What do we do?

Communications

We send out weekly newsletters summarising new research and activities. Our research library is freely accessible  and contains summaries and links to over 3,500 reports, journal articles and resources. We provide a networking facility for 1,400 network members who can search for and make contact with other members. Our members can – and do - ask questions of one another via our Forum pages, or post comments on reports and articles, stimulating debate. Finally, through our interview and blog activities we highlight the work of our members and demonstrate the diverse ways in which institutions and individuals are addressing the food sustainability challenge. 

Stakeholder engagement and dialogue

We organise workshops, sometimes in partnership with others, on topical or contested issues. These bring together academic, NGO and business stakeholders who may approach the issues from very different perspectives. These workshops often lead to collaborative follow-on work.  Examples include our workshops on sustainable intensification, on food consumption and production in China, and on sustainable healthy eating patterns.

Research

We produce influential reports and briefings of our own; our recent reports convey some of our current priorities:

  • Healthy and sustainable eating patterns In April 2014 the FCRN convened a workshop on the subject of ‘Changing what we eat’, funded and hosted by the Wellcome Trust with additional support from the UK’s multi-agency Global Food Security Programme.  A wide range of expert stakeholders participated, representing all sectors and specialisms relating to food systems, including the Food and Drink Federation, Mars, WWF, Eating Better Alliance, DEFRA and World Cancer Research Fund International as well as leading academics.  The subsequent workshop report sets out a wide-ranging research agenda for carrying this work forward.  The workshop presentations are available here.  Additionally, as input to the workshop, Tara Garnett produced two discussion papers.  The first: ‘What is a Healthy and Sustainable Diet?’ now the FCRN’s most downloaded publication while the second, 'Changing to healthier & more sustainable diets: how can this be achieved?' looks at different disciplinary approaches to the question of how changes in food practice should be understood and achieved.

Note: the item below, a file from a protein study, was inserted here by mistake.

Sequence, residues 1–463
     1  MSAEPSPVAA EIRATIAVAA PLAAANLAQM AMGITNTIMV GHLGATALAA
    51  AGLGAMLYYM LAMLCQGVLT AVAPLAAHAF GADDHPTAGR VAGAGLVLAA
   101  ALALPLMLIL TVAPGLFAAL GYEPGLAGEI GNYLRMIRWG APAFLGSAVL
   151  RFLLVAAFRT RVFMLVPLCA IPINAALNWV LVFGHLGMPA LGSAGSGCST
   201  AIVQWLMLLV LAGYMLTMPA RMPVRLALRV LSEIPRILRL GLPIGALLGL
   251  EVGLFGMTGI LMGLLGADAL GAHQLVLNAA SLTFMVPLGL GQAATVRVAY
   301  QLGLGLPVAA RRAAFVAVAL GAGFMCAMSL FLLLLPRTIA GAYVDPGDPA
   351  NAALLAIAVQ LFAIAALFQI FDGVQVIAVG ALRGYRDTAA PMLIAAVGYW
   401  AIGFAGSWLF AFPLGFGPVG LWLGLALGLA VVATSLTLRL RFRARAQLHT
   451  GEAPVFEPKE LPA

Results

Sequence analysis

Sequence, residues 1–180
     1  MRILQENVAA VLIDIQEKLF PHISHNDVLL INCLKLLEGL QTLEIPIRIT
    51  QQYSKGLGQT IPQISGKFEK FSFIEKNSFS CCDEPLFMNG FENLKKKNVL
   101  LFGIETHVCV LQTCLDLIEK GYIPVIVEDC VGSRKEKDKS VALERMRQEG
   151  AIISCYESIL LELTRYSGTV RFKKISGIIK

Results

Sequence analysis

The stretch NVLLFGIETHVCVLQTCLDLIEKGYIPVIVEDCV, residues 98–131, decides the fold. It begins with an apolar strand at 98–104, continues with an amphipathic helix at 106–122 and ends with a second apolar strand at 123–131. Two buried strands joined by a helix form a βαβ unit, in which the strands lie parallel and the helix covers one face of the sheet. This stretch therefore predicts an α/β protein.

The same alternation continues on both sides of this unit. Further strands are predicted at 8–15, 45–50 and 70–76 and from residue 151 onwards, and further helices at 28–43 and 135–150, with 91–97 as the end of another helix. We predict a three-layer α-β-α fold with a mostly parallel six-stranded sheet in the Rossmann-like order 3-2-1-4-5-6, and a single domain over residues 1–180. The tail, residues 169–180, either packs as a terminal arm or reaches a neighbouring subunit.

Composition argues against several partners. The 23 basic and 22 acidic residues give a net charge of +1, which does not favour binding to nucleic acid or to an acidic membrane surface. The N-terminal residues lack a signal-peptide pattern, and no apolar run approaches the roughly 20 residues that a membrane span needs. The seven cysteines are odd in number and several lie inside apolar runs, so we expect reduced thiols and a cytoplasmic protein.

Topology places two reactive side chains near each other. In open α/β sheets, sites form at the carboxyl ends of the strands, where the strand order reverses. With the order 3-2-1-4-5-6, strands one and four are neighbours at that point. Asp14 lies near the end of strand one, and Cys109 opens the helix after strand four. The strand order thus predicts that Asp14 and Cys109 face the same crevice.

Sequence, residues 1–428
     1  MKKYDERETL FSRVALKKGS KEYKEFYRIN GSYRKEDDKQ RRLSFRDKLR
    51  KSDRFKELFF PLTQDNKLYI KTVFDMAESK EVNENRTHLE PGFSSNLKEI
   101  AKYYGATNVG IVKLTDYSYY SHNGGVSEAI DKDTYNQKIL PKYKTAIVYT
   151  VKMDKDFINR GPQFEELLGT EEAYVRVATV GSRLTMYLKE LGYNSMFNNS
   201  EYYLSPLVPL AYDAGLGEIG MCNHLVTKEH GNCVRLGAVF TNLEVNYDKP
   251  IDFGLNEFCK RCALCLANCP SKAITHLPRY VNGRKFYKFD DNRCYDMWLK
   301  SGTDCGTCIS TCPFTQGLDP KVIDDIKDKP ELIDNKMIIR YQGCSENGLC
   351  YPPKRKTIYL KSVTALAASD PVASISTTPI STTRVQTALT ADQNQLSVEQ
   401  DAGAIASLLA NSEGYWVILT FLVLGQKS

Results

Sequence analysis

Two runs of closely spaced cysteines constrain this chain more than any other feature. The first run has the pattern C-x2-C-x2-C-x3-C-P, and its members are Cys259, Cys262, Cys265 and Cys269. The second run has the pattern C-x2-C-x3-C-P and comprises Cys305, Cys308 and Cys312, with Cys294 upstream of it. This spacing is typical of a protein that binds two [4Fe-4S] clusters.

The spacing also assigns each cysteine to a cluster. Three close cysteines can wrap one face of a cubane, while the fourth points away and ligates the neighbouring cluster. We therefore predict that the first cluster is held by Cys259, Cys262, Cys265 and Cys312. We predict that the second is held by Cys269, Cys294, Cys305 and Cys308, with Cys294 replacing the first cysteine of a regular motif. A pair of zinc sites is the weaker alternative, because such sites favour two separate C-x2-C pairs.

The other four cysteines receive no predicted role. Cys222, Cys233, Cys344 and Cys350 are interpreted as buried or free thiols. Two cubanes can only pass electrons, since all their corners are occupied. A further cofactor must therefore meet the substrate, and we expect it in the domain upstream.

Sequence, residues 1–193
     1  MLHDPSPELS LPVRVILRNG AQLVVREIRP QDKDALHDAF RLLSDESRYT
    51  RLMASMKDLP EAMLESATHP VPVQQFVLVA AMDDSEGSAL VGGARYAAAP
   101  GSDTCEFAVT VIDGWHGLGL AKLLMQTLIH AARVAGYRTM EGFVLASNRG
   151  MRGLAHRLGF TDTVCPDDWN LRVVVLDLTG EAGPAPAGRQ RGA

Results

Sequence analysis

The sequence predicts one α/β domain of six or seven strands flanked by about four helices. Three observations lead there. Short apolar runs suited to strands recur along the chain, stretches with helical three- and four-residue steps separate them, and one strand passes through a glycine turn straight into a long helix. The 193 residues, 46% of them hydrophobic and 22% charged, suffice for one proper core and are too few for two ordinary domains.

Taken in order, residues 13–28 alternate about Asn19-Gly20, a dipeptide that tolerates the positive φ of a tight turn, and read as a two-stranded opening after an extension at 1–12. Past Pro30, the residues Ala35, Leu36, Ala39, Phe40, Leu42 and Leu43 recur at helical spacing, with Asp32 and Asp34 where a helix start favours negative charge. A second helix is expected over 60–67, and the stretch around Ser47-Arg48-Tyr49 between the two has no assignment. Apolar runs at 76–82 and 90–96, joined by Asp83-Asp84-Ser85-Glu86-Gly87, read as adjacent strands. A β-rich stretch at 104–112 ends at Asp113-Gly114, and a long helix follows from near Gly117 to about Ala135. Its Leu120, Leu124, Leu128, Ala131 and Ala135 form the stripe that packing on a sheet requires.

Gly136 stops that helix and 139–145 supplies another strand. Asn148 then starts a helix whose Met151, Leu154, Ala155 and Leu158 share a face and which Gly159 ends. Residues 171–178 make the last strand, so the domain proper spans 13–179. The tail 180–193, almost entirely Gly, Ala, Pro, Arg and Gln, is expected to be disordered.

• Sustainable intensification in agriculture. In collaboration with the Oxford Martin Programme on the Future of Food the FCRN has organised two workshops that brought together a diverse range of expertise to consider what sustainable intensification is and how it sits within, and needs to interface with, a wide range of social, ethical, environmental and developmental goals we might have for the food system  The first, held in January 2012 explored the attitudes of different stakeholders to sustainable intensification as a concept, and considered how SI should engage with concerns spanning human nutrition, animal welfare, biodiversity and broader issues of demand management, waste and governance. Outputs included a report and a paper in the journal Science.  A second workshop in February 2014 focused more specifically on farmers in low income countries.  Its focus was: how can sustainable intensification strategies and practices be implemented in ways that a. support livelihoods and enhance development outcomes for low income producers in developing countries; and b. increase the local availability, accessibility and affordability of food for urban and rural consumers in these regions? (February 4-5 2014).